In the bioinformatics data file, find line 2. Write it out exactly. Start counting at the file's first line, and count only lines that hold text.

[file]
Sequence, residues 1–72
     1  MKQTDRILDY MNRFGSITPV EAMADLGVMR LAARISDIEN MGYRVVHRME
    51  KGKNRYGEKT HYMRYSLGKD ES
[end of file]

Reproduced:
     1  MKQTDRILDY MNRFGSITPV EAMADLGVMR LAARISDIEN MGYRVVHRME